In "Long-term prognostic importance of total cholesterol in elderly survivors of an acute myocardial infarction" Foody, JM. et al noted in the Journal of the American Geriatrics Society (2003 Jul;51(7):930-6) that heart attack survivors live slightly longer if they have higher cholesterol.
After studying the sample group for 6 years, it was found that those with lowest cholesterol levels (less than 140 mg/dL or 4.1 mmol/L) at the end of the first year had 5% more deaths than those with the highest levels (above 240 mg/dL or 6.2mmol/L).
At the end of the sixth year those with the lowest levels had 7.6% more deaths than the highest levels.
The Co-operative Cardiovascular Pilot Project at the Yale School of Medicine was headed by Dr Joanne Foody, Assistant Professor of Medicine.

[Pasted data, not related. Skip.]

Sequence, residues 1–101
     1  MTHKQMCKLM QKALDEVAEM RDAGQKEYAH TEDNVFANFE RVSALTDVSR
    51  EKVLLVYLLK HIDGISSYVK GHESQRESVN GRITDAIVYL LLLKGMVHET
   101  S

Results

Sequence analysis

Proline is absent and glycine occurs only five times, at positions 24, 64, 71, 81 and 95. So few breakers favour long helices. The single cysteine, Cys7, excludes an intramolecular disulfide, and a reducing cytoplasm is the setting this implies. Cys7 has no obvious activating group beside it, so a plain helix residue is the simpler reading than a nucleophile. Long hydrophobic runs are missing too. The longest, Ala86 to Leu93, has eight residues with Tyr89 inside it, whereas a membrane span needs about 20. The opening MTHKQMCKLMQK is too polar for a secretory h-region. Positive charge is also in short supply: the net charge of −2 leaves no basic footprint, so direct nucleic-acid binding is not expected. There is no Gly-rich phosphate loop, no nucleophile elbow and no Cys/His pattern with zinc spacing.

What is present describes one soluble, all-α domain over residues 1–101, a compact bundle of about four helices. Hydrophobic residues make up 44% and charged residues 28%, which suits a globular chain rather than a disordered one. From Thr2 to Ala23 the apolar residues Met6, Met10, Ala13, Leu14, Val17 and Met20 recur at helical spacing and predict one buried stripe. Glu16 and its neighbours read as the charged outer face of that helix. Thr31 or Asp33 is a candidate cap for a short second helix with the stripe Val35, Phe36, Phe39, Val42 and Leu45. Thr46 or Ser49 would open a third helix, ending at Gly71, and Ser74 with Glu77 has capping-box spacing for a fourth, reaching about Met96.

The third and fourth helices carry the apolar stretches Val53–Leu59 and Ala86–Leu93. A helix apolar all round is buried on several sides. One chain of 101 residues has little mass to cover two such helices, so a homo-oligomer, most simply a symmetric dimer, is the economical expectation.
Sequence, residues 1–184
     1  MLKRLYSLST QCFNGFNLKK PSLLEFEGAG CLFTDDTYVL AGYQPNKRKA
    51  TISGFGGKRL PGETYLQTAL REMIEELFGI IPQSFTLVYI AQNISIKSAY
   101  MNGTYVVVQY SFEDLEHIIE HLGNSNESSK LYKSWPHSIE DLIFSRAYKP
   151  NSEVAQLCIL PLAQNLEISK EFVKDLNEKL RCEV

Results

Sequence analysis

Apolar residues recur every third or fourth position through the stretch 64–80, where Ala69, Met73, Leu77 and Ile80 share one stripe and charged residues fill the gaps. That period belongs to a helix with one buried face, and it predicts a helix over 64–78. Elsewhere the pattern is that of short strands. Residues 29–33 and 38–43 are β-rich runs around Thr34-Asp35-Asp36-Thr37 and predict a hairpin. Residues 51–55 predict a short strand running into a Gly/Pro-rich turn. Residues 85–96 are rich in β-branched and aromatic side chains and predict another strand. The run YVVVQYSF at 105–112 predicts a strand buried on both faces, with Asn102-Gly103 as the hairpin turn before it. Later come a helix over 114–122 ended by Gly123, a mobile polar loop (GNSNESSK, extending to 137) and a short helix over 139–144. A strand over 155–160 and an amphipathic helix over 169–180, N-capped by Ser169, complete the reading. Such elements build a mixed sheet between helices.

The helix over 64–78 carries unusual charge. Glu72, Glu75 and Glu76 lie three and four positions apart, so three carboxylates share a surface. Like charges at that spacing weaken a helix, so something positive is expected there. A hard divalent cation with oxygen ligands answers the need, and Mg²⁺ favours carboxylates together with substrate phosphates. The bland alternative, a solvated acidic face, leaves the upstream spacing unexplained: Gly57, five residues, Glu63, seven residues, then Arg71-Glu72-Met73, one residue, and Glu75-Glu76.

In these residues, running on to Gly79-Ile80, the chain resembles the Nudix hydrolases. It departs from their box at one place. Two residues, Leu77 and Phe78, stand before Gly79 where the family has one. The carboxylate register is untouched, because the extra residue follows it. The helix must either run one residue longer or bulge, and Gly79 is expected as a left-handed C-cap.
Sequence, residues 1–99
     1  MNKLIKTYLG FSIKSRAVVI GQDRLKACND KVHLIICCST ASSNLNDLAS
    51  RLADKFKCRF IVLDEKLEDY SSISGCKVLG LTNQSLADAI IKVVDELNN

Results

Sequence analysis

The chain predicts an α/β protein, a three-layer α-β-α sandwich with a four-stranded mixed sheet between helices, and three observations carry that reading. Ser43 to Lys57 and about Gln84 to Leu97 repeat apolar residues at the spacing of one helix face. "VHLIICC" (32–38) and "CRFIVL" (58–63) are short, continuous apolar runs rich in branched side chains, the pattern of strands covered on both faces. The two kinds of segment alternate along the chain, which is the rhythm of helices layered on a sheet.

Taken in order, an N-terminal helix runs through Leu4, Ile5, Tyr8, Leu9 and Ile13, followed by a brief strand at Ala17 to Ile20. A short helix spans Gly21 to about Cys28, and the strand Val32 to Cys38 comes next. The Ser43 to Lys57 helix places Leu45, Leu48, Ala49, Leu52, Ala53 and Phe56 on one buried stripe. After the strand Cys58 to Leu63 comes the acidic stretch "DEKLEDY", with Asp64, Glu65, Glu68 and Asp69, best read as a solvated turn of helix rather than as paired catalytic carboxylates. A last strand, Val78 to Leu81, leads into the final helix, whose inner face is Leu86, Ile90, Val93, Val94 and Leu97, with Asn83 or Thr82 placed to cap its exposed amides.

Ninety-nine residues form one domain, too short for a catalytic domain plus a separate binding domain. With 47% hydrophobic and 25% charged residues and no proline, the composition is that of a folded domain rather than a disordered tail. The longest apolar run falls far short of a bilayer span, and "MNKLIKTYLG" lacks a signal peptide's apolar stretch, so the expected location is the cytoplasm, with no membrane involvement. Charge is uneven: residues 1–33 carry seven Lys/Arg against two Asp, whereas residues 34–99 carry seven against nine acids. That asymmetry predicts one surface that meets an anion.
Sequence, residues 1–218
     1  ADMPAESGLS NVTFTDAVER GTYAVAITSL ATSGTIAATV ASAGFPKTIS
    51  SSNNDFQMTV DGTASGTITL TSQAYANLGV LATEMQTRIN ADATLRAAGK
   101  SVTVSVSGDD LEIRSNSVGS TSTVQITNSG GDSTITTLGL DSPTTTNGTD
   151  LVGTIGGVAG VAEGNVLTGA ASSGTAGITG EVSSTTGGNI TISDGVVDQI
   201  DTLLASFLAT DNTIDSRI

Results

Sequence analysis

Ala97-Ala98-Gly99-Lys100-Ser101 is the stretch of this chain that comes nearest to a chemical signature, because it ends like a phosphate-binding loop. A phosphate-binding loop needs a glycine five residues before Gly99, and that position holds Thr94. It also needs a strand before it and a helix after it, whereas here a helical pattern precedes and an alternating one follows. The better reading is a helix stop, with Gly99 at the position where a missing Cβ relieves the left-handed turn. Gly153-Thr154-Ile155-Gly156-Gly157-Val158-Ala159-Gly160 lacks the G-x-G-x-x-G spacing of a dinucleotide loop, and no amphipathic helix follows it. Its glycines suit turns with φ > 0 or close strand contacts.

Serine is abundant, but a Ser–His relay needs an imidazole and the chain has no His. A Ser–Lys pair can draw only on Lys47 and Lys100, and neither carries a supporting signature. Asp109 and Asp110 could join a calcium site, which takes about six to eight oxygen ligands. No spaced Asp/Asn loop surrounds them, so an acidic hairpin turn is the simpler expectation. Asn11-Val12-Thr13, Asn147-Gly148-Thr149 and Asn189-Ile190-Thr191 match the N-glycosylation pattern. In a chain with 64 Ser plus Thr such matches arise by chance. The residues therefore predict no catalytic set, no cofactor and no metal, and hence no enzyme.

Whilst these numbers aren’t a massive swing supporting the necessity for higher cholesterol, they do pour-scorn on the assertion that high cholesterol is dangerous for those that have already suffered a heart-attack. In fact the analysis of the data demonstrated that higher cholesterol was mildly positive for those already recovering from a heart attack.
This should eradicate any fear that heart attack sufferers have relating to their cholesterol levels playing a significant role in their outcomes after a first event.
This should also bring into question the need to prescribe statins and other cholesterol-lowering medication, which are known to increase all-cause-mortality and create a host of negative side-effects, to heart-attack survivors in a misguided attempt to lower cholesterol.
Links to the supporting article can be found here: